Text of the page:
Editor's Note: A little lighthearted fun for the day! Here is the second installment in the Emperor Palpatine Reads series, begun on Valentines day with George R.R. Martin's A Game of Thrones. Today's installment comes just in time for the opening weekend of The Hunger Games movie! Enjoy!
Emperor Palpatine Reads by Jeff Yonosick
THE HUNGER GAMES by Suzanne Collins, as read by Emperor Palpatine/aka Darth Sidious:
Something....something...something...Everybody's hungry. Something....something...something...Mocking Jay. Something....something...something…May the odds be EVER in your favor! Something....something...something...Katniss sounds like Catnip Something....something...something...Peeta has a crush on Catnip, Something....something...something...Games Begin. Something....something...something...Dodging Fireballs Something....something...something...Dropping a nest of angry mutant wasps on fellow tributes. Something....something...something...Peeta saves Catnip. Something....something...something...Catnip blows up other tribute’s food supply! Something....something...something...Catnip fails attempting to save a 12 year old girl, speared Something....something...something...Catnip free with kissing Peeta to get awarded by sponsors. Something....something...something...Cato mauled by a pack of mutant mutts, mercy killing! Something....something...something...Victory through manipulation and attempted double suicide! Something....something...something...This is greater child exploitation than toddlers in tiaras! Something....something...something...Children killing each other in a televised arena for food, I should have thought of that first YES!!!! Good, let the hatred flow through you Heh heh heh heh!
Jackie Gamber's Sela Blog Tour Dates, Sela Cover Unveil, and Limited Hardcover Edition Announced
Seventh Star Press is proud to announce 36 blog tour dates for award-winning author Jackie Gamber's Sela, Book Two of the YA fantasy Leland Dragon Series, and the follow-up to her highly-acclaimed novel Redheart. In addition, Seventh Star Press is unveiling the cover art and two interior illustrations created by award-winning artist Matthew Perry for Sela.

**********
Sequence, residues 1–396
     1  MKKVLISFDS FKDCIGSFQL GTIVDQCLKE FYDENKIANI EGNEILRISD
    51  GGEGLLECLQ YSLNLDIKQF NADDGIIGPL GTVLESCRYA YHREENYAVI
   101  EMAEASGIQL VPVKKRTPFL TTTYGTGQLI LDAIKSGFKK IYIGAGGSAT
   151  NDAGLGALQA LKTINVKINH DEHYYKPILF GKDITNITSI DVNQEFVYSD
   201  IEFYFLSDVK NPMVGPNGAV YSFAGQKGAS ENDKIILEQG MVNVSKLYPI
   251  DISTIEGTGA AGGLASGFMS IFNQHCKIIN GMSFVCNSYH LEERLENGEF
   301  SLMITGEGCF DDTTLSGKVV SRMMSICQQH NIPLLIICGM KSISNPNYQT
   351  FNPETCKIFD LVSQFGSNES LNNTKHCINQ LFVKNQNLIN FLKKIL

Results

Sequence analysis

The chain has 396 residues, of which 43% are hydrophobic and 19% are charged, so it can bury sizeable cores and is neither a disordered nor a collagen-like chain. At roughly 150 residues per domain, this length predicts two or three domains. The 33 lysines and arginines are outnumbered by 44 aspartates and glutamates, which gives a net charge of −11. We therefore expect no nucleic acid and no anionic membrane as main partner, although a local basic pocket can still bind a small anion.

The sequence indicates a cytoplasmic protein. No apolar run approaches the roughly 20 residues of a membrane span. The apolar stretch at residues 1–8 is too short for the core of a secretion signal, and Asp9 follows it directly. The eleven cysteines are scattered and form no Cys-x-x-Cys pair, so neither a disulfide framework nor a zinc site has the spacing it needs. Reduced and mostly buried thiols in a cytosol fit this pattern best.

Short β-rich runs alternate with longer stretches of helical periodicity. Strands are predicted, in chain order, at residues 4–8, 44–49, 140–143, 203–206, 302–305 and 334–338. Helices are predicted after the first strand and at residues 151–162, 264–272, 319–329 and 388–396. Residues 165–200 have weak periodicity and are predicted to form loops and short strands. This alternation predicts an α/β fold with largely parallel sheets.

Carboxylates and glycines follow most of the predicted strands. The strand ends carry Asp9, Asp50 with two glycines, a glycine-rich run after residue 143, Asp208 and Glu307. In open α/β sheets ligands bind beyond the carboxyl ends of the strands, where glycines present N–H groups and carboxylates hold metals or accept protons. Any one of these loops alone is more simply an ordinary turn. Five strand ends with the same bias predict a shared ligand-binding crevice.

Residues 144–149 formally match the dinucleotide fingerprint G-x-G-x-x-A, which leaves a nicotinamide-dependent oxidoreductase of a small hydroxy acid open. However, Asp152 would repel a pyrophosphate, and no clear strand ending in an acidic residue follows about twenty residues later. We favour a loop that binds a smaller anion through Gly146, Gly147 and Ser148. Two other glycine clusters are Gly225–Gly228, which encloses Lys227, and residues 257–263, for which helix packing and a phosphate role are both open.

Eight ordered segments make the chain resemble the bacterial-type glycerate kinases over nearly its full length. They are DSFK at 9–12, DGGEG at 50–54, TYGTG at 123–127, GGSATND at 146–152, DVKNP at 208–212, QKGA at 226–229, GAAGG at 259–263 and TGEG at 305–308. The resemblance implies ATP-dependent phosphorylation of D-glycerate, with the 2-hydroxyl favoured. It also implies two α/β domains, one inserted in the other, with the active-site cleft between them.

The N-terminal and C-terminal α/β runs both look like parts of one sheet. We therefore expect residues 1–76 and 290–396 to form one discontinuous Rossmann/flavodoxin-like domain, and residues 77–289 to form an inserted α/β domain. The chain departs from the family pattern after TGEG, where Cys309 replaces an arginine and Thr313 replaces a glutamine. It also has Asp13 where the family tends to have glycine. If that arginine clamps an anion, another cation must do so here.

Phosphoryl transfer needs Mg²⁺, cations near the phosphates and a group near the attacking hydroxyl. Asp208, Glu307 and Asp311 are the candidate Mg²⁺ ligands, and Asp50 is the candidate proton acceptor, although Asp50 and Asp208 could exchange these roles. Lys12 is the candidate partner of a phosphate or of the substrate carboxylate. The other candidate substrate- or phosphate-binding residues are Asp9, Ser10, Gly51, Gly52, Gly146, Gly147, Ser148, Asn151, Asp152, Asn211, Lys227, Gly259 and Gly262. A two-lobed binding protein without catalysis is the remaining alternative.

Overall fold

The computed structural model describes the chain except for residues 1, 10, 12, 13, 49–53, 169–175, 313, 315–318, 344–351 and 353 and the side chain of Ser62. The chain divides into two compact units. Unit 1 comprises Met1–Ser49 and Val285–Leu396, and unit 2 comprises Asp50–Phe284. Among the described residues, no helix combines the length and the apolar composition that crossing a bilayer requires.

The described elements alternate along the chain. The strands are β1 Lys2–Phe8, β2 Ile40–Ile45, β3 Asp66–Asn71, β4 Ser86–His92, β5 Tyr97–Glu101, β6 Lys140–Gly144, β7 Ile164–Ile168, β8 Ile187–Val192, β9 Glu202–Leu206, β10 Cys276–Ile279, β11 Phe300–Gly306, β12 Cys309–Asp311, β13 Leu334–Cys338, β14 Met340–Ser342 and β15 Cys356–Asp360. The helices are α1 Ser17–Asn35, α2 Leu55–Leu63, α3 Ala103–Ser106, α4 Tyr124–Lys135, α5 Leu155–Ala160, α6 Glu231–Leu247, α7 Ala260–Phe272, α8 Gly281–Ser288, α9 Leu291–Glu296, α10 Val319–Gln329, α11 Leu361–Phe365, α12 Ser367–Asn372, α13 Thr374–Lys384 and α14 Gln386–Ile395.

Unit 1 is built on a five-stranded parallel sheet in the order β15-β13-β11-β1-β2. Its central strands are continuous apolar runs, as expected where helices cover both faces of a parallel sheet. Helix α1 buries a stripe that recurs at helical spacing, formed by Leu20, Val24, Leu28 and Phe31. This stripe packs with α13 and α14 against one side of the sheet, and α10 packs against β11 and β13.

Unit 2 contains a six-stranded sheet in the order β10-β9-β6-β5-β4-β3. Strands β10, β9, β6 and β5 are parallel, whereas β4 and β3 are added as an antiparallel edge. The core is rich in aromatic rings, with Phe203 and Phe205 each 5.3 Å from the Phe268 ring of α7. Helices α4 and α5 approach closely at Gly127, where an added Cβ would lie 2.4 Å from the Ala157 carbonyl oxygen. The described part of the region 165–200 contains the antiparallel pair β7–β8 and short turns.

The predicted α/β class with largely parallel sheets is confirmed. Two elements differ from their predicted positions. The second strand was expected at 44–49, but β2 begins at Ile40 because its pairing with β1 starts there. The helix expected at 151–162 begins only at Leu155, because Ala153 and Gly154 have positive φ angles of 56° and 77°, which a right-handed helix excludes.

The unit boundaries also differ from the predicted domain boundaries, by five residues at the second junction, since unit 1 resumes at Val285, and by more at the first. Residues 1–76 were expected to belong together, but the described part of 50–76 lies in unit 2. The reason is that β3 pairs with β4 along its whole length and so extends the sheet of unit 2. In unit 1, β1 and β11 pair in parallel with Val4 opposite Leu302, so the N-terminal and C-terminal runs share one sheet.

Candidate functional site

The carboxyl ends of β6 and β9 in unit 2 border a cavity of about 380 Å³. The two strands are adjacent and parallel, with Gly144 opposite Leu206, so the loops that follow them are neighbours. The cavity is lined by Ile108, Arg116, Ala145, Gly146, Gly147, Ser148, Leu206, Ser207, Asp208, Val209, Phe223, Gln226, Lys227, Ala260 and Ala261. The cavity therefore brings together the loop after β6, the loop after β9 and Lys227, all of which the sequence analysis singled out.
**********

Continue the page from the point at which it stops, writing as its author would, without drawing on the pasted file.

The Sela Blog Tour is being hosted by Babs Book Bistro, and will feature 35 blog sites over 36 days, beginning March 27th and running through all of April. The tour will include a mixture of reviews, giveaways, interviews, and guest posts from Jackie. The tour will culminate with a special encore and wrap-up visit at From The Bookshelf of T.B. on May 1st.
Sela picks up a few years after the events of Redheart. Vorham Riddess, Venur of Esra Province, covets the crystal ore buried deep in Leland's mountains, and his latest device to obtain it is by marriage to a Leland maiden.
Among Dragonkind, old threats haunt Mount Gore, and shadows loom in the thoughts of the Red who restored life to land and love. A dragon hunter, scarred from countless battles, discovers he can yet suffer more wounds.
In the midst of it all, Sela Redheart is lost, driven from her home with only her old uncle to watch over her. As the dragon-born child of Kallon, the leader of Leland's Dragon Council, she is trapped in human form with no understanding of how she transformed, or how to turn back.
In a world where magic is born of feeling, where the love between a girl and a dragon was once transformative, what power dwells in the heart of young Sela?
Sela will be released in softcover and eBook versions during the first week of April, following the launch party at MidSouthCon in Memphis, TN during the March 24-26 weekend. Continuing the Seventh Star Press tradition of releasing collectible, limited edition hardcovers, Sela is now available for pre-order in a beautiful hardcover edition that is strictly limited to 75 copies.
The limited hardcover edition is signed and numbered by Jackie Gamber, and includes a bonus illustration from Matthew Perry not included in other editions. It will be accompanied by an assortment of collectibles, including a set of glossy art cards, bookmarks, and magnets. The limited edition hardcovers will also be bundled with the eBook version, with buyers able to choose an ePub, Kindle, or Nook version. Those interested in securing one of the 75 limited hardcovers can place a pre-order at: http://seventhstarpress.com/documents/pre_orders.html
The Sela Blog Tour Dates and Participants Are As Follows: